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Key Points

Key Points

Diversity for a globalized world

For more than 40 years, the Supreme Court has established and repeatedly affirmed that race can be one of many factors considered in college admissions as a critical means to create diverse campus communities that benefit all students.

Two federal courts ruled in Harvard’s favor

In her October 1, 2019 ruling, U.S. District Judge Allison D. Burroughs offered an unequivocal affirmation of the principles of diversity and inclusion central to Harvard’s mission, and to the missions of colleges and universities throughout the country.

On November 12, 2020, the First Circuit upheld the District Court’s ruling in Harvard’s favor. 

An extraordinary applicant pool

The large majority of the 60,000+ applicants to Harvard College are academically qualified, requiring the College to consider more than grades and test scores.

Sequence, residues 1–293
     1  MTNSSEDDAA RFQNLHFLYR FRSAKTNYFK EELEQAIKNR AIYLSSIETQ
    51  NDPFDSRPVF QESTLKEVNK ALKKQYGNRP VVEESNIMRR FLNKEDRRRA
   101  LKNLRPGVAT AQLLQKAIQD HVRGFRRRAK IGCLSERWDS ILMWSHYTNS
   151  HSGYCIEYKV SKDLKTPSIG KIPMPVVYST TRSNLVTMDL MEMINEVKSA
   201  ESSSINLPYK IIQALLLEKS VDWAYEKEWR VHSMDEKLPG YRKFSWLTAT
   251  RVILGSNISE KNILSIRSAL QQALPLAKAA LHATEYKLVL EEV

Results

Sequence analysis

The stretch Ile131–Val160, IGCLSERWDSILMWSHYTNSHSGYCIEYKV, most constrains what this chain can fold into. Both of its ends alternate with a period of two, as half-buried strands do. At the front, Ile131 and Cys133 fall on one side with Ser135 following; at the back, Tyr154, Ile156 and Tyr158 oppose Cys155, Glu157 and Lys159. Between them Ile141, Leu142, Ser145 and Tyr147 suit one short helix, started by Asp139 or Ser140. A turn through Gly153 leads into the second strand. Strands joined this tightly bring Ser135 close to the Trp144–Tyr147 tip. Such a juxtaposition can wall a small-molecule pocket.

• In a recent admissions cycle there were:

  • 2,000

    available slots at Harvard College.

  • 4,000+

    applicants were ranked first in their high school classes.

  • 18,000+

    scored 700 or above on the SAT reading and writing test.

  • 20,000+

    scored 700 or above on the SAT math test.

Increase in Asian-American students

  • 28%

    of the 2026 admitted class self-identify as Asian-American.

The percentage of Asian-Americans in Harvard College’s admitted classes has grown significantly over time.

Preparation for a diverse society

A diverse university prepares students for a diverse society. The Supreme Court has consistently recognized that a class that is diverse on multiple dimensions, including on race, transforms the educational experience of students from every background and prepares graduates to succeed in an increasingly diverse and interconnected world.